Chapter 13 Digital radiography
As with the recent developments with general photography, where digital cameras are replacing film, this technology is also being used to replace X-ray film with digital imaging. Digital imaging has already been in use for many years in computed tomography (CT), magnetic resonance imaging (MRI), nuclear medicine (NM), fluoroscopy and ultrasound, but only recently has conventional X-ray equipment started to use digital technology.
Digital radiography has greater exposure latitude than X-ray film; therefore any over- or underexposure of an image can still be viewed. However, there is a trade off between radiation dose and image quality, as high exposures will give a very clear image but an unacceptable dose to the patient. Low exposures will result in a noisy (grainy) image and may miss diagnostically significant information. This is an advantage over the traditional film–screen combination where any exposure in the foot or shoulder areas of the characteristic curve will result in no usable image being obtained (Fig. 13.1).
Computed radiography (CR) has been used as a direct replacement in areas where previously film was used. It uses storage phosphor cassettes in standard X-ray rooms and has allowed radiology departments to make the transition from film to digital imaging without significant equipment changes.
The imaging plate is coated with a photostimulable phosphor (PSP), which captures X-rays once they have passed through the patient or object being imaged (Fig. 13.2). The PSP material has been ‘doped’ with small amounts of impurities which alter the physical properties of its crystalline structure.
A PSP material has a high absorbance at the energies used for diagnostic radiology and is able to store the irradiated energy and then release it as visible light in response to the stimulation of a beam of laser light within the reader. The family of europium doped barium fluorohalides fits these criteria – BaFX, where X can be chlorine (Cl), bromine (Br) or iodine (I).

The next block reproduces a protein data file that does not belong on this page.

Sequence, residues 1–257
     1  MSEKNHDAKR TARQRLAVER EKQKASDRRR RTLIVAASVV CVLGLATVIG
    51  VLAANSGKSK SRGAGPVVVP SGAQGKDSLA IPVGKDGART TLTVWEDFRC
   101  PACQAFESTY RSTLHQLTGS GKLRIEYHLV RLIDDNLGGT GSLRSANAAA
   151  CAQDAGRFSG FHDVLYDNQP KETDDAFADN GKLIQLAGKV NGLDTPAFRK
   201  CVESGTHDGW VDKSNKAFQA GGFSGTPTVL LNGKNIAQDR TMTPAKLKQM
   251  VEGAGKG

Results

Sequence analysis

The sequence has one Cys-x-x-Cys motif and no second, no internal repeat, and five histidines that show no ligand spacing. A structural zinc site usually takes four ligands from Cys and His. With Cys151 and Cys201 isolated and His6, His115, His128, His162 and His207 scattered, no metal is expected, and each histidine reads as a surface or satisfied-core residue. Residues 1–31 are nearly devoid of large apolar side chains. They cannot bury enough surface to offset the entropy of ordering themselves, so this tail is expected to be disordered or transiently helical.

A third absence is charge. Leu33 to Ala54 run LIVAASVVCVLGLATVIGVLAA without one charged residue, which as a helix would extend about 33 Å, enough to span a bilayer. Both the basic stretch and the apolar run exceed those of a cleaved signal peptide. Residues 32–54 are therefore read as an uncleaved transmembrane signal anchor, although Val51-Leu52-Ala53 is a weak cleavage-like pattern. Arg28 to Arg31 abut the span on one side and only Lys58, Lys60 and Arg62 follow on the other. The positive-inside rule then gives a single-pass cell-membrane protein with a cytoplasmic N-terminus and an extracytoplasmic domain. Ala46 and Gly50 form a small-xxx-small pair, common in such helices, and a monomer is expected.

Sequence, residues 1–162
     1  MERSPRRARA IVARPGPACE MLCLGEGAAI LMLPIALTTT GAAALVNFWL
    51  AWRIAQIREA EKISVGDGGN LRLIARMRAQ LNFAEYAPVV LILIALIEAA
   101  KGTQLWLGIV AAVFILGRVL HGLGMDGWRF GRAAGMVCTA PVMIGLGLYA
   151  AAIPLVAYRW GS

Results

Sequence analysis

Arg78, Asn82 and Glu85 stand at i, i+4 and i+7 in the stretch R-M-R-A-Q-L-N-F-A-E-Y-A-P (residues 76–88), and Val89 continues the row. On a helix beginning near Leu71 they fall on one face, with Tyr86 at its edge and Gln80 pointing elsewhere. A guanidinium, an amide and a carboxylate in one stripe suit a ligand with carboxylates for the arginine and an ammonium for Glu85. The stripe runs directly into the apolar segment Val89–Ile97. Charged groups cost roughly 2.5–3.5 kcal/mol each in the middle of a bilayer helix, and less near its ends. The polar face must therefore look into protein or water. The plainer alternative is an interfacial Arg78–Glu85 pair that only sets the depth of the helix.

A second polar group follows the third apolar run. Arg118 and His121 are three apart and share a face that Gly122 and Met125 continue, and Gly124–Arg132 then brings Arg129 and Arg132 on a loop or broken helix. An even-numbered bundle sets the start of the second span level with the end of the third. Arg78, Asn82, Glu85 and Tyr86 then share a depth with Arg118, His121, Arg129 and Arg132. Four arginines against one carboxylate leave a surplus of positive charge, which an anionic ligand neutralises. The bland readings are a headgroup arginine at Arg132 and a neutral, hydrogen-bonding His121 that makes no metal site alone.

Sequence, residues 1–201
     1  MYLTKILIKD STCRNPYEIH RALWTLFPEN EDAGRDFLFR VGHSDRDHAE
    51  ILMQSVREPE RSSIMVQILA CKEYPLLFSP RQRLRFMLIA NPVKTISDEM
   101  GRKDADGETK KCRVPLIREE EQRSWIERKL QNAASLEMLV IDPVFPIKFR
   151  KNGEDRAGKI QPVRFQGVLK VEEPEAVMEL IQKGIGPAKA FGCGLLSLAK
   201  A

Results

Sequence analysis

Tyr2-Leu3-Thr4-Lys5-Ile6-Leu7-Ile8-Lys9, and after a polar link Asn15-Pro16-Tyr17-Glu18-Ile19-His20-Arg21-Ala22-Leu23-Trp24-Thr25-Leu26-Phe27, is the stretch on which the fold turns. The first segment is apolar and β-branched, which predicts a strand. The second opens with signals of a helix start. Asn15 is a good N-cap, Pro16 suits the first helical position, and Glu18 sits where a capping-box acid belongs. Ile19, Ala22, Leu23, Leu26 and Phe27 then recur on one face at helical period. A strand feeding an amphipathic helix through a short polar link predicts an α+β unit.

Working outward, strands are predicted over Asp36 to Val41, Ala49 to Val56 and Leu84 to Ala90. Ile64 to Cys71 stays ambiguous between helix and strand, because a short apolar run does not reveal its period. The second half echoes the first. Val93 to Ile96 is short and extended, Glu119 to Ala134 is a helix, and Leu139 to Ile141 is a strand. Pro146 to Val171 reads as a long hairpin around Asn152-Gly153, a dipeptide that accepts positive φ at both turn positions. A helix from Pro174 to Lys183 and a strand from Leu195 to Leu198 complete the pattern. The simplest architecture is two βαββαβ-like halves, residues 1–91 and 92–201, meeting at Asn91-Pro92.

As the X-rays pass through the PSP material, they interact with the electrons in the crystalline structure, giving them energy, which enables them to enter the conduction band. Some electrons return immediately to the valence band, but others remain ‘trapped’ in the forbidden zone between the two bands (Fig. 13.3). This trapped signal is proportional to the amount of radiation incident on the plate; these electrons form the latent image in the PSP.
To retrieve the latent image from the PSP it is placed in a CR reader, where a laser scans it (Fig. 13.4). The laser gives the electrons enough energy to return and leave the traps and to decay down to the ground or valence state. As these electrons move down in energy a blue light is emitted. This light is collected by a light guide and directed towards the photomultiplier tube. The light moves through the photomultiplier, is then amplified and then the signal is digitised using an analogue-to-digital converter, allowing the temporary storage of the image in digital format. This can then be sent to a monitor for viewing or to a printer.